“F**k it! Let’s get to drinking – poison our livers!” — some of the lyrics in YouTube music videos which researchers at the UK Centre for Tobacco and Alcohol Studies say may harmfully influence adolescents in Britain.
The new research is an extension of previous work which found that UK teenagers were heavily exposed to images of alcohol and tobacco in YouTube music, effectively glamourising the habits and promoting underage drinking and smoking.
Now the researchers have specifically studied the portrayal of alcohol content in popular YouTube music videos, analysing song lyrics and visual imagery in 49 UK Top 40 videos previously found to contain alcohol content. The study is published in the International Journal of Behavioral Medicine.
They found that content involving alcohol was also associated with sexualised imagery or lyrics and the objectification of women, and that alcohol was linked to personal image, lifestyle and sociability. Some videos also showed encouragement of excessive drinking including those with branded alcohol, with no negative consequences to the drinker shown.
Psychologist Dr Joanne Cranwell, from the UKCTS, based at The University of Nottingham said: “Adolescent alcohol consumption, including binge drinking, is a significant health problem in the UK. Among young people particularly it is also linked to criminal behaviour, unprotected sex, progression to illegal drug use and is a risk factor for alcohol dependence in later life. In the UK 11% of 15-16 year olds out of a sample of 2000 had had sex under the influence of alcohol and regretted it and almost 10% of boys and 12% of girls reported having unsafe sex after drinking.
“We know that alcohol imagery and references in advertising, films, TV and music videos are a risk factor for uptake of drinking in young people but we wanted to pin down the exact extent and type of content in the Official Singles Chart UK Top 40 and the Vodafone Big Top 40 music chart to explore the true extent to which alcohol is being portrayed and whether UK alcohol industry advertising codes of practice are being violated.”
Three main themes emerged from the research:
• Sexualised imagery or lyrics and the objectification of women — Some videos portrayed women in highly sexualised ways with alcohol used as a prop or key element. For example, ‘Blurred Lines’ by Robin Thicke, which shows women in underwear dancing around the male singers, all of who are fully clothed. At one point the lead singer pours and drinks branded Remy Martin™ cognac while the lyrics repeat the phrase: “You know you want it”, the implication of which is evident in a subsequent lyric: “I'll give you something big enough to tear your ass in two.”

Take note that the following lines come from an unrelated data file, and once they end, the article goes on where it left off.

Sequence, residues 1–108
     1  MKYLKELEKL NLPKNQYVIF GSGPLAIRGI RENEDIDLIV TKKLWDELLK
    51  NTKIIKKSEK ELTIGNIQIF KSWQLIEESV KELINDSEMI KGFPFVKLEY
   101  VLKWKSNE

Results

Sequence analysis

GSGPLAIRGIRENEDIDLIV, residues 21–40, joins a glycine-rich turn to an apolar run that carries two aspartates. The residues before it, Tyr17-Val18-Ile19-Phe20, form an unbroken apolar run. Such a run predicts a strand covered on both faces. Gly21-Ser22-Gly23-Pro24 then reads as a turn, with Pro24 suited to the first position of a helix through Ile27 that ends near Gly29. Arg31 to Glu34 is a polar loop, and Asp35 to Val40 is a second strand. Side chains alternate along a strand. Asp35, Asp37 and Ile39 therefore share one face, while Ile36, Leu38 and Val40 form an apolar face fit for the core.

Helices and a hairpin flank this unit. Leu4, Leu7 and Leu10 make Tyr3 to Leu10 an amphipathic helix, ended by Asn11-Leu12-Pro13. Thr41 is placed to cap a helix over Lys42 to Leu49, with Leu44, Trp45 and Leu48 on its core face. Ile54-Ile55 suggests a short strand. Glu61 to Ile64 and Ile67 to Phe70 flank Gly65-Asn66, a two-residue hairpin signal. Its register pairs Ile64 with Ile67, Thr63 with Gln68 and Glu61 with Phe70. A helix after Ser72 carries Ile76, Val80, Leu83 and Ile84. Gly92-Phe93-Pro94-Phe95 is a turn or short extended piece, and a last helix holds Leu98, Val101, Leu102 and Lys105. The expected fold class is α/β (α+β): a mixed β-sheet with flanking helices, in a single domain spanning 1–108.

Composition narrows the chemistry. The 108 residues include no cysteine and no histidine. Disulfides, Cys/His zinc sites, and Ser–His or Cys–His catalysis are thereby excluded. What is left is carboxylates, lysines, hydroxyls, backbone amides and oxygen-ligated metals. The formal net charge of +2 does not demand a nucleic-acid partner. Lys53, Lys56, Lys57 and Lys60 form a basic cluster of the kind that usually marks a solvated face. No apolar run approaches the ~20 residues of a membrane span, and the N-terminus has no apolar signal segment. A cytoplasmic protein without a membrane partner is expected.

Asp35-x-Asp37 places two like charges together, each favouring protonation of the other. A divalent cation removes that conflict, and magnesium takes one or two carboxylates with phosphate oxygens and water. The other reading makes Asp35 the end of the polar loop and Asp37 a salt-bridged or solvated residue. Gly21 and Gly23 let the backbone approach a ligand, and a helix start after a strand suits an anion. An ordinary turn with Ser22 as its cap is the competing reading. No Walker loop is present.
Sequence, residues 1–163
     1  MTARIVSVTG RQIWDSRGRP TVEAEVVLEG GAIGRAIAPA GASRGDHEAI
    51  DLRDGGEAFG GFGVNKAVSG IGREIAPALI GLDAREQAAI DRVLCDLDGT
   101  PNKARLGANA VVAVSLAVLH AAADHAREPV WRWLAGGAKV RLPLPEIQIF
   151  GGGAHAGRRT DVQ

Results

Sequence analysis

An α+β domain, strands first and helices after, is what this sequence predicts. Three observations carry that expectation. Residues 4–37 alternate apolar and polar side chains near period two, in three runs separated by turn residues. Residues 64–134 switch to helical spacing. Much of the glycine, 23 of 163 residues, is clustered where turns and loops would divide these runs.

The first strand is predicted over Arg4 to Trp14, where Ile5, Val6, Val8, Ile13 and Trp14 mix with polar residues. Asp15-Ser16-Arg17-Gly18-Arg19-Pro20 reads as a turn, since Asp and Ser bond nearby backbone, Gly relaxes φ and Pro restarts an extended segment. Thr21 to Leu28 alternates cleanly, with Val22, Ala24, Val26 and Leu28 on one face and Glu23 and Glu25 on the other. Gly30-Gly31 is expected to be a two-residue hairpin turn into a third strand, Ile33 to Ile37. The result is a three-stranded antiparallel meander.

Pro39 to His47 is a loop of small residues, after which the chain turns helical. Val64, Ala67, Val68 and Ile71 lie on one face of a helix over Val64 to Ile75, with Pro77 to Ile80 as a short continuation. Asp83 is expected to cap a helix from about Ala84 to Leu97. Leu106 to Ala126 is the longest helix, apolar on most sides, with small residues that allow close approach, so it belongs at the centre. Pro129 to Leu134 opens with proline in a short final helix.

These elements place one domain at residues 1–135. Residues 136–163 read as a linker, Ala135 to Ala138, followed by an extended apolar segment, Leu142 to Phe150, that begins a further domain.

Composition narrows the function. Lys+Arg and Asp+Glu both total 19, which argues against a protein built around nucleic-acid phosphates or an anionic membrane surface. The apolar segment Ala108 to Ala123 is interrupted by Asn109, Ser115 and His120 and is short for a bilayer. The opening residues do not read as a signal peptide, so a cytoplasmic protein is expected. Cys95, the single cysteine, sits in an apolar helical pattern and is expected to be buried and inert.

• Alcohol and image, lifestyle and sociability — This theme shows that alcohol was portrayed as a marker of success and wealth. Amongst other brands, the lyrics in ‘Royals’ by Lorde that include branded Grey Goose™ vodka and Crystal™ champagne portray brands as being things some people appear to be preoccupied with: “But every song's like gold teeth, Grey Goose, trippin' in the bathroom. …. But everybody's like Cristal, Maybach, diamonds on your timepiece, jet planes, islands, tigers on a gold leash....”
• Drinking to excess — Whilst some videos presented seemingly innocuous drinking in social gatherings others included substantial use of behavioural and verbal messages that encourage drinking to excess or drunkenness, again without acknowledging any negative consequences. Examples include lyrics such as “One more shot, another round, end of the day you’re going down” (‘Timber’ by Pitbull), the implication of which is ‘drinking until you drop’.
The study also found that the overt use of celebrity endorsement or brand ambassadors of alcohol products in music videos appears to contravene voluntary codes of practice. The music artists involved in this direct promotion in the video sample include Robin Thicke, who is described as a ‘brand ambassador’ for Remy Martin™, Jay Z, who is a ‘brand ambassador’ for D’USSE™ and Icona Pop who are the ‘brand face’ of Absolut Tune™.
The UK Centre for Tobacco and Alcohol Studies is calling for new measures to try to curb the inclusion of smoking and drinking content in YouTube music videos, which unlike TV and film, are not classified according to age suitability. Artists and music video producers should change their policy of effectively glamourising and normalising excessive drinking and linking it with sexual attractiveness and luxury lifestyle. The research claims several alcohol companies have adopted marketing strategies that contravene their own advertising codes of practice and calls for the music industry to implement new standards to reduce the use of branded and generic alcohol content in videos.
The researchers say the UK Department of Health’s Public Health Responsibility Deal Alcohol Network is failing in its remit to police the YouTube music industry, particularly in tackling videos that use alcohol brands in content that is not developed, sponsored or distributed by the companies themselves.
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